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So I am looking to learn both web application development and mobile app development, and I was wondering is there is an overlap between the two. More specifically, is the knowledge of developing web apps essential or even helpful when building mobile apps? I was under the impression that one had to know basic web app development first (at least server side programming) before being able to develop mobile apps that use the internet (since I assumed a mobile app is just a different client side that would ultimately have to talk to a web application on a server somewhere). However, Googling this brings up discussions about mobile web apps vs. native mobile apps, and this has me confused (for example is Shazaam a native or a web app?). Please help me understand.

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closed as not a real question by casperOne May 18 '12 at 14:15

It's difficult to tell what is being asked here. This question is ambiguous, vague, incomplete, overly broad, or rhetorical and cannot be reasonably answered in its current form. For help clarifying this question so that it can be reopened, visit the help center.If this question can be reworded to fit the rules in the help center, please edit the question.

yeah, this is not how it works @niks. you give a good answer, and then you get voted. you don't get to ask people to vote/accept your answer. -1 – Ovidiu Latcu May 18 '12 at 8:08

A native app is an app that execute on your mobile. A web app is an app that open a webPage inside your mobile app and act like a classic web browser.

You don't have to know web dev to do mobile dev, but it can help, programming is the same for every platform, you just have to know new language every time you change, but principles are the same.

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But many mobile apps do need to go to a server to do it's work right? In that case, does it do so using the http GET/POST requests, or is it doing something else? – Pratik Thaker May 20 '12 at 8:59
for interaction with a web server you use apple's classes for http connection, it does it using http GET. – jbduzan May 21 '12 at 6:40

Knowledge of developing web application isn't necessary for developing mobile application. But, It will help you a lot. You can also build mobile app with HTML5,CSS & JavaScript.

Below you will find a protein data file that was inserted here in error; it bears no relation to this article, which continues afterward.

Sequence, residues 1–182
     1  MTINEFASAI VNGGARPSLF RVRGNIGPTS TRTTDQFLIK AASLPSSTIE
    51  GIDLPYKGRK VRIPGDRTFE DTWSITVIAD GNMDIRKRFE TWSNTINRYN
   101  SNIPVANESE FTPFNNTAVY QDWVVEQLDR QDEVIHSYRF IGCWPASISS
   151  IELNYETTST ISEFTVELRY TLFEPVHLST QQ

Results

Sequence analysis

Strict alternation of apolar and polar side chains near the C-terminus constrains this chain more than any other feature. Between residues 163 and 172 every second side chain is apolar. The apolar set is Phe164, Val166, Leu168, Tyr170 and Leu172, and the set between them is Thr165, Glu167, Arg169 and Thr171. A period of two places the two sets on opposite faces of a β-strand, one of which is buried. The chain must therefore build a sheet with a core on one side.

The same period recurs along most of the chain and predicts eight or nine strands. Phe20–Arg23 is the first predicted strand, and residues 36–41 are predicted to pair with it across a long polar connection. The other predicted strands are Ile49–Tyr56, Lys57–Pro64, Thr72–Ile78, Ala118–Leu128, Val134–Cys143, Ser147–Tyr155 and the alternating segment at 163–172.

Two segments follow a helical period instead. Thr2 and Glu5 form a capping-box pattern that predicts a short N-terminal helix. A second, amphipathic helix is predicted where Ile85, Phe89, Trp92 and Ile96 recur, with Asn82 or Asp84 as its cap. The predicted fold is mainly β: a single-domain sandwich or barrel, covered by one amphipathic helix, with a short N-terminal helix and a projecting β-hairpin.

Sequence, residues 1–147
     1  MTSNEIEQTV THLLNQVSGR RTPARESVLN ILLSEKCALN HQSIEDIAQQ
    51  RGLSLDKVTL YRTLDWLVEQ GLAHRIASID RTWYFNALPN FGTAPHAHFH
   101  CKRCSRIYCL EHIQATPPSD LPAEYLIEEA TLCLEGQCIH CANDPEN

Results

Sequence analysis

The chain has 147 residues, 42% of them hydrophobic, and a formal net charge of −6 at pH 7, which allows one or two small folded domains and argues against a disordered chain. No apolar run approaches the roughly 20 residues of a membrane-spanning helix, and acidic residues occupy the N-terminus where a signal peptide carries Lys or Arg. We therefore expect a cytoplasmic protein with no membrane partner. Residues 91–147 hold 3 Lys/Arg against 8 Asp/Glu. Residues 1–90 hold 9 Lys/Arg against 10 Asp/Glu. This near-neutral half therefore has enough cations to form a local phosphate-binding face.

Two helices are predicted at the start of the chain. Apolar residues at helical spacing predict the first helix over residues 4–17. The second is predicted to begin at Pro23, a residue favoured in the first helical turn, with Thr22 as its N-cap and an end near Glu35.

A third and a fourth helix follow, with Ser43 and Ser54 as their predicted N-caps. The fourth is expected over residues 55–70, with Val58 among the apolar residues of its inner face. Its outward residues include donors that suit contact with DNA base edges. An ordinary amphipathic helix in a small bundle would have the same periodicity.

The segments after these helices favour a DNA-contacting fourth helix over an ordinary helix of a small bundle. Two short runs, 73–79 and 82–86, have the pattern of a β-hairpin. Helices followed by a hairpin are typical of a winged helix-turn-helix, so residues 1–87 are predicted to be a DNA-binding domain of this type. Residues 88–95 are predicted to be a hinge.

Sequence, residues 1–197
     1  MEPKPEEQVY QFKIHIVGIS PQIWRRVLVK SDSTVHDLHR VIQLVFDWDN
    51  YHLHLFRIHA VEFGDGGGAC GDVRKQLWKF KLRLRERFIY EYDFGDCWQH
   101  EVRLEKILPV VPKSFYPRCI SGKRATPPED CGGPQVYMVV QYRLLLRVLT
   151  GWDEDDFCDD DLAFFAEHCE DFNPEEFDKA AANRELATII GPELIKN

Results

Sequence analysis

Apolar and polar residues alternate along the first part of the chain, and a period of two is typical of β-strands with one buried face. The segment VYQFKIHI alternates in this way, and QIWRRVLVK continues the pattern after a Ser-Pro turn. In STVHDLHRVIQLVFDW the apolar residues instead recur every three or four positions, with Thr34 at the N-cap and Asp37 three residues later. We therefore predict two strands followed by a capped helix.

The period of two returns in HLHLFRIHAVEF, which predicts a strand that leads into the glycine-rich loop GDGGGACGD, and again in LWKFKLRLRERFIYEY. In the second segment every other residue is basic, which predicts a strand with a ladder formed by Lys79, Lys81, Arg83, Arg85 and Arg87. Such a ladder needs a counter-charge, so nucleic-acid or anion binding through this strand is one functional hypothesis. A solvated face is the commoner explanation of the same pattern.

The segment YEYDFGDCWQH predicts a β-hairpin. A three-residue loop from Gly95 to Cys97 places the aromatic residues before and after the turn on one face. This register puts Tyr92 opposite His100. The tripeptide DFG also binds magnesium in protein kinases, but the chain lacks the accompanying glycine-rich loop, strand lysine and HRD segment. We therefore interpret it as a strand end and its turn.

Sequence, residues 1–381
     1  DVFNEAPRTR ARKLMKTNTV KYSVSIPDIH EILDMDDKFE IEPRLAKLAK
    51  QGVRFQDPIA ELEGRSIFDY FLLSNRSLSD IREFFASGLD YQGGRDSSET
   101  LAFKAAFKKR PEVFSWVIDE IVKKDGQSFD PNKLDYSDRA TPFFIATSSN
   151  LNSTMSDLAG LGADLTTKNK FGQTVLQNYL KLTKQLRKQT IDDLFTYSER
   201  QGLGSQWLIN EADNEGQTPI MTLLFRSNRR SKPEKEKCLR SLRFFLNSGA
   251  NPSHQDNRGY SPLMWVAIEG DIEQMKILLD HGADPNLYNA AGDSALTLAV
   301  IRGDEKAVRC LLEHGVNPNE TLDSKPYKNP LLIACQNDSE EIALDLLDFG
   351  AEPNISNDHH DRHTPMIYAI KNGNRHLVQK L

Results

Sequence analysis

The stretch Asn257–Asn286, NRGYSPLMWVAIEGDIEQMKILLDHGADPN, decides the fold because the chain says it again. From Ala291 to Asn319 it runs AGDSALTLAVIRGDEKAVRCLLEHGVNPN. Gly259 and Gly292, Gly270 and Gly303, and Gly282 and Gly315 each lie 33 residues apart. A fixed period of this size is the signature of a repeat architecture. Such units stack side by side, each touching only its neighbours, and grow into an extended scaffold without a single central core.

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It depends.

You can develop mobile apps which do not need any web components at all.

I see at least two big issues which make web development extremely useful for mobile apps

  • You could develop non native mobile app based on web technology. Using jQuery mobile or GWT (or other framework) will support platform independence for you apps. The back-draw is this application could not use all features of the mobile device (e.g. camera), and they will in general have less performance and battery/power efficiency.

  • I find it very natural to use cloud techniques in combination with mobile. You could use the web to save and share data. And this allows you to build application driven by mobile AND desktop (desktop is much more efficient when it comes to data input)

I would recommend to look at web technology, too.

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Sooner or later, your mobile application would need to talk to a a server to do something useful - the phone is the thin-client (relatively speaking). So yes, usually, you would use a server side language (like PHP or RoR) to build some kind of API for your mobile application to talk to and be useful.

For example, since you bought up Shazaam (which is a native application): Shazaam would record a few seconds of music using and then uploads to a web service that does all the heavy lifting of sampling the recorded music and looking it up on a (what I would imagine) giant DB of music for the 'signature' of that music and sending the identified song back to the phone so it can be presented to the user. Somewhere along the way, there is server side code that does this.

I've worked at companies when mobile app development as just starting to take off (2008-09) where there were guys who only coded Java for Android/Blackberry or Objective-C for iOS and didn't know jack about what happens in the backend. For that, they talked the server-side guys who wrote JSP or python to build the APIs their native code would talk to.

There are servics Parse that would allow you do build a "backend" for your mobile application without needing worry about getting your own server or writing server side code. Useful for certain classes of applications.

I hope that all makes sense. There is definitely an overlap between web development (as in server side) and mobile development (native code on the mobile). Learn both, specialize in one if you have to.

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Not always. There are many, many apps that work purely offline. – ader May 18 '12 at 9:09